The oppressed offspring initially complained about how we didn’t trust them and how we were violating their privacy, and we wholeheartedly agreed with them. We didn’t trust the judgment skills of their adolescent brains, and privacy was an illusion as long as they lived under our roof. Privacy is also an illusion online, and the sooner they understood that, the better off they would be. Material that is shared electronically easily becomes everywhere and everlasting.

So we did spot checks, and they were reasonably effective for a while. We had a few Come to Jesus family meetings about who they followed and were followed by on social media, and there was wailing and gnashing of teeth when we deleted inappropriate contacts and content. However, life got busy, our spot checks became less frequent, and then things really hit the fan.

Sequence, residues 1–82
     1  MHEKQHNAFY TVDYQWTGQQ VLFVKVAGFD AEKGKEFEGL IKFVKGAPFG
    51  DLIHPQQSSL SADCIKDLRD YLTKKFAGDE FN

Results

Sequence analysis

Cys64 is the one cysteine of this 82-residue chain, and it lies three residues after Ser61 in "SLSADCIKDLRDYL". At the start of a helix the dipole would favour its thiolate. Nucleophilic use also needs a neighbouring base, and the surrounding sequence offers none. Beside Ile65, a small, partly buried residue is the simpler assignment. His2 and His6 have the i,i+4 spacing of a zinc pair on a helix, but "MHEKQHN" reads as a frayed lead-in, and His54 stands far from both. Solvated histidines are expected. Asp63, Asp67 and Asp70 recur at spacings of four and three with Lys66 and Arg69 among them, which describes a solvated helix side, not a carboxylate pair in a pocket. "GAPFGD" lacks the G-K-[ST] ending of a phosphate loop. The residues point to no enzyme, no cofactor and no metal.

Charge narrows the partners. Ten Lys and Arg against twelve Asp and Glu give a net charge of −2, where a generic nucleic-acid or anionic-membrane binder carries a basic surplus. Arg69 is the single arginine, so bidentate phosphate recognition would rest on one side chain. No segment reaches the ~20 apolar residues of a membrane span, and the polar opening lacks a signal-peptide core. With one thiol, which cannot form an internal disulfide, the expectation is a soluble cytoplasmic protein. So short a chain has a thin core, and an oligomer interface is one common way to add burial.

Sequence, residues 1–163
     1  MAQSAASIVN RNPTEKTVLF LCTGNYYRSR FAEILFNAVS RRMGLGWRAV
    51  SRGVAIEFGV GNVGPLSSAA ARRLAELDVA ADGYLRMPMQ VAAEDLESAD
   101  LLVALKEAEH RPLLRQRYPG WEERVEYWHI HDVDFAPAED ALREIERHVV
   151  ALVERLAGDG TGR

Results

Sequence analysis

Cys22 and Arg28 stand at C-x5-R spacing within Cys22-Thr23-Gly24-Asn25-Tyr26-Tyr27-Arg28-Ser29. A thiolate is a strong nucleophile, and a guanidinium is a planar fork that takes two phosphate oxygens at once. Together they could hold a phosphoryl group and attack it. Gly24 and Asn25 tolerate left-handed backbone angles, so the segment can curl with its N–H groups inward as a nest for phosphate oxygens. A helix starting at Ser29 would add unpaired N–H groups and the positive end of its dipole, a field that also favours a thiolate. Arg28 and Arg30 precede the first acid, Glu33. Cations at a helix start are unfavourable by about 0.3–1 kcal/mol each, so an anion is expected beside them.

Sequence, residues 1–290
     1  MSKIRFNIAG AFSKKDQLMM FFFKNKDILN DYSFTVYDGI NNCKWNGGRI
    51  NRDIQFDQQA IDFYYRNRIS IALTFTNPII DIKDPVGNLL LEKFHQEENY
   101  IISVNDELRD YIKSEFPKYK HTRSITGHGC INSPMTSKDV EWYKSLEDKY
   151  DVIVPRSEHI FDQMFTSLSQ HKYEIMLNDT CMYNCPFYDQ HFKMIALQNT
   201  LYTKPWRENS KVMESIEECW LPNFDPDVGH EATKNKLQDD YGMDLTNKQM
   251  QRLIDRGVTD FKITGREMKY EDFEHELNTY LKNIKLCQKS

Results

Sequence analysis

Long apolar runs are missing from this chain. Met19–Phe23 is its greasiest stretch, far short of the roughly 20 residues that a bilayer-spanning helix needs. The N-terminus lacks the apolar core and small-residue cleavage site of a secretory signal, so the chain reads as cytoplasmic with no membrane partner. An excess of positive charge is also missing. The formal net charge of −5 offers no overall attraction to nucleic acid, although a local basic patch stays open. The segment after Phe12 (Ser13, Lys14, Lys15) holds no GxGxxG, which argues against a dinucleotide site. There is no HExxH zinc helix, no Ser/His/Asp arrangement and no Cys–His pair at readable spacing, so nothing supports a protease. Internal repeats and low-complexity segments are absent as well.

We tried great parental monitoring software

The Qustodio dashboard
The Qustodio dashboard

The crap splatter took place after an older teen borrowed my 11-year-old’s iPod.

A few weeks prior to the incident, I installed Qustodio, a free parental monitoring app, on my son’s device. The app replaces the Safari search engine and allows parents to set restrictions about what kind of online content their children can access.